If the rise in border apprehensions correlated with anything, it was with economic conditions in Mexico and the United States, not with the 1986 amnesty.
In fact, contrary to the Times editorial, demographers haven’t found that the amnesty had any long-run effect on patterns of unauthorized immigration. Even a report in 2000 by the Immigration and Naturalization Service—the agency that handled immigration enforcement until 2003—couldn’t establish that the 1986 law triggered the rise in unauthorized border crossings in the 1990s. And two surveys of undocumented immigrants suggest that the 1986 amnesty had little or no influence on their decisions to come here.
Conservative lawyers have tried to argue in court that amnesties or even temporary programs like DACA encourage immigration. Three federal courts have dismissed the claim as speculative. One was especially scathing. District of Columbia Circuit appeals judge Nina Pillard wrote that the argument “suffers from the logical fallacy post hoc ergo propter hoc (after this, therefore because of this),” making it comparable to “infer[ring] that the rooster’s crow triggers the sunrise.”
If there’s no evidence that “amnesties beget more illegal immigration,” then why do people continue to believe it? One important factor is obvious: the media don’t fact-check the claim.
The Times may no longer editorialize against amnesty, but its news articles still don’t challenge right wing talking points about it. After Trump made his apparent offer to extend DACA, the paper quoted James Carafano, a national security expert at the right wing Heritage Foundation. “Amnesty encourages further illegal immigration, incentivizes the tragedy of human trafficking and undermines our citizens’ confidence in the rule of law,” he told the Times reporters, who quoted him without comment.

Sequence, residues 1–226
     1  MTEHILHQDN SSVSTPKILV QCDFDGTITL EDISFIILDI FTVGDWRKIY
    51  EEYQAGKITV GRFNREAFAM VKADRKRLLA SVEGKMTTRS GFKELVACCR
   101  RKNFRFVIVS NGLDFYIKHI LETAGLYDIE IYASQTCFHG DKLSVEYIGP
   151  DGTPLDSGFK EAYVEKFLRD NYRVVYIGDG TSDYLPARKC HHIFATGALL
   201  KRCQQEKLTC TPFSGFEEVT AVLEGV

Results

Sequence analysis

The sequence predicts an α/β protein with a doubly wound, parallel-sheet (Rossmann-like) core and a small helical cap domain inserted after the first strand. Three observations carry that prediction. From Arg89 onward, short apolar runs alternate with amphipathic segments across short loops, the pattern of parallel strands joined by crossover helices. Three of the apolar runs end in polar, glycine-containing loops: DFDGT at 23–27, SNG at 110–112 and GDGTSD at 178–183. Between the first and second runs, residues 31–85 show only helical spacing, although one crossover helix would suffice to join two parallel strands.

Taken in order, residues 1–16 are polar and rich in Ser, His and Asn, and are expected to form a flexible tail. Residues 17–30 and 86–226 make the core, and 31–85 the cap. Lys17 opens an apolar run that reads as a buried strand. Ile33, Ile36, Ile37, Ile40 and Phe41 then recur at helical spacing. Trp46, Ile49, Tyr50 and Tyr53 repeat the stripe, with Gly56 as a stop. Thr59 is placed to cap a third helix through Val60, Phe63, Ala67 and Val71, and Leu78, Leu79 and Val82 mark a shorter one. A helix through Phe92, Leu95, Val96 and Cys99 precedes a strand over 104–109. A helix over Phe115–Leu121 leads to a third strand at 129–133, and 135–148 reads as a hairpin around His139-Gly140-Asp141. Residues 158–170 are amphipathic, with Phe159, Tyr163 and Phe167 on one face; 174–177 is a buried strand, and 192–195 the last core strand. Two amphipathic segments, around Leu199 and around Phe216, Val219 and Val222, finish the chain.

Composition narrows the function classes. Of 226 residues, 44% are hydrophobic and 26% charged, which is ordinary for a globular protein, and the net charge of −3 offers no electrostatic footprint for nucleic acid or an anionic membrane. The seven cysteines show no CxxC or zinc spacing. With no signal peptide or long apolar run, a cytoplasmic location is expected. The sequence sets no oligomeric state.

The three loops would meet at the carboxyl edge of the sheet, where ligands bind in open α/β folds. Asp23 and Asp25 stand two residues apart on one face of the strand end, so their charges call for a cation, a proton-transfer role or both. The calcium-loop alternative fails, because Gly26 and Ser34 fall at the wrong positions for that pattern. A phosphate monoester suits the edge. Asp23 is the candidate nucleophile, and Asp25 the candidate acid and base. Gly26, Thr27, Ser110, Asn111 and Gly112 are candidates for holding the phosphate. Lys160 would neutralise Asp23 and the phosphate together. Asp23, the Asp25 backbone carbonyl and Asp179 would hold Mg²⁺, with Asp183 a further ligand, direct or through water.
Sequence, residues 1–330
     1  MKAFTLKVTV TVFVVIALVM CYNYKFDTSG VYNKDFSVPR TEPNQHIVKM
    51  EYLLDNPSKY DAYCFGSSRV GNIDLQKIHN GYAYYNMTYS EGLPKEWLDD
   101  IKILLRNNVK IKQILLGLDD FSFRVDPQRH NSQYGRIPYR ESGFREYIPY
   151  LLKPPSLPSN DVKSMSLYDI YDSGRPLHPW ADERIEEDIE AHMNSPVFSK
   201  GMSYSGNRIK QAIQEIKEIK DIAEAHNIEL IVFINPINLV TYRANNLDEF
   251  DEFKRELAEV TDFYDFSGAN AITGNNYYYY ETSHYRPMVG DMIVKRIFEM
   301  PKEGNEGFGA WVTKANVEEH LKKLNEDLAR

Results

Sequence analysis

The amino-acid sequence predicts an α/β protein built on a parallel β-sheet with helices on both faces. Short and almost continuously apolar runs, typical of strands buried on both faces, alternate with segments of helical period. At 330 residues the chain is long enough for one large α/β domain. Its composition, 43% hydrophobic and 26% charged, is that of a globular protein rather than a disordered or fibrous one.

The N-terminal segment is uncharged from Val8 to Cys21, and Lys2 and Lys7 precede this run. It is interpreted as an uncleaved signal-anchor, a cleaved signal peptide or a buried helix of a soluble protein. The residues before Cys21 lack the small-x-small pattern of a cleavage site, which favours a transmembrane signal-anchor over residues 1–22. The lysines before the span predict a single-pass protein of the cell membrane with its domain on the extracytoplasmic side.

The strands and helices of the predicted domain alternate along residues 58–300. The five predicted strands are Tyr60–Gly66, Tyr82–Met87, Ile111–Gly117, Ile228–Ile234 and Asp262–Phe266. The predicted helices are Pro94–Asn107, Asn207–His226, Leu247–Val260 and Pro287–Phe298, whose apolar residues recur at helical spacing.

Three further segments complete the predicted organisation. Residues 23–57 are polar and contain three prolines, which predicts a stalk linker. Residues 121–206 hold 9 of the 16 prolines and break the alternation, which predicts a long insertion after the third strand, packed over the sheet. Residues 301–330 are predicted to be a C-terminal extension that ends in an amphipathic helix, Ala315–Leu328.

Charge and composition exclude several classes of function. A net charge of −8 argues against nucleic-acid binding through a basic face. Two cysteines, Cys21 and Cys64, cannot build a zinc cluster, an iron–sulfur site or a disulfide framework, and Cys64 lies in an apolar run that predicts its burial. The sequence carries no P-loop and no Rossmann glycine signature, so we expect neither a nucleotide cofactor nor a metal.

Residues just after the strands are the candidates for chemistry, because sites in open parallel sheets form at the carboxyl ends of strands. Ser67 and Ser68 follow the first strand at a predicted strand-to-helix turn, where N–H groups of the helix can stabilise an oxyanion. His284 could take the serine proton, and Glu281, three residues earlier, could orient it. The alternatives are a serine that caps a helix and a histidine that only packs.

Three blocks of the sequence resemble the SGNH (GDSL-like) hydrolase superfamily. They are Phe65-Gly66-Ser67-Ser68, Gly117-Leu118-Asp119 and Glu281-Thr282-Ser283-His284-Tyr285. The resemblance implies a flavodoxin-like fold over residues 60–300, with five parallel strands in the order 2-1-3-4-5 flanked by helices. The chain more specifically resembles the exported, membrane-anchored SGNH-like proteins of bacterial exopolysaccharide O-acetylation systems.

Other outlets were no better. Newsweek cited Tom Fitton, the extremist group Judicial Watch’s president, who asserted that Trump’s offer would “encourage more illegal immigration and undermine the rule of law.” Politico also quoted Fitton and then provided a platform to two more right-wingers: former Daily Caller columnist Mickey Kaus and Roy Beck, president of the highly questionable NumbersUSA group. Kaus tweeted that “amnesty is huge magnet for more illegal immigration.” Beck charged that “[t]his kind of amnesty deal will incentivize more caravans, more illegal border crossers and more visa overstayers at the expense of the most vulnerable American workers who have to compete with the illegal labor force.”
The practice of citing conservative agitators is often characterized as “bothsidesism,” but here the news outlets only presented one side—the one on the far right—without even a hint that the claims might not have a factual basis.
There are now about 11 million people here living in the limbo of undocumented status; about two-thirds of them have been residents for a decade or more. The situation is painful for them and for the millions of U.S. citizens in their families and communities. A new general amnesty should be a top priority on the political agenda. There is no excuse for the media to go on letting rightwingers hold it hostage with evidence-free assertions.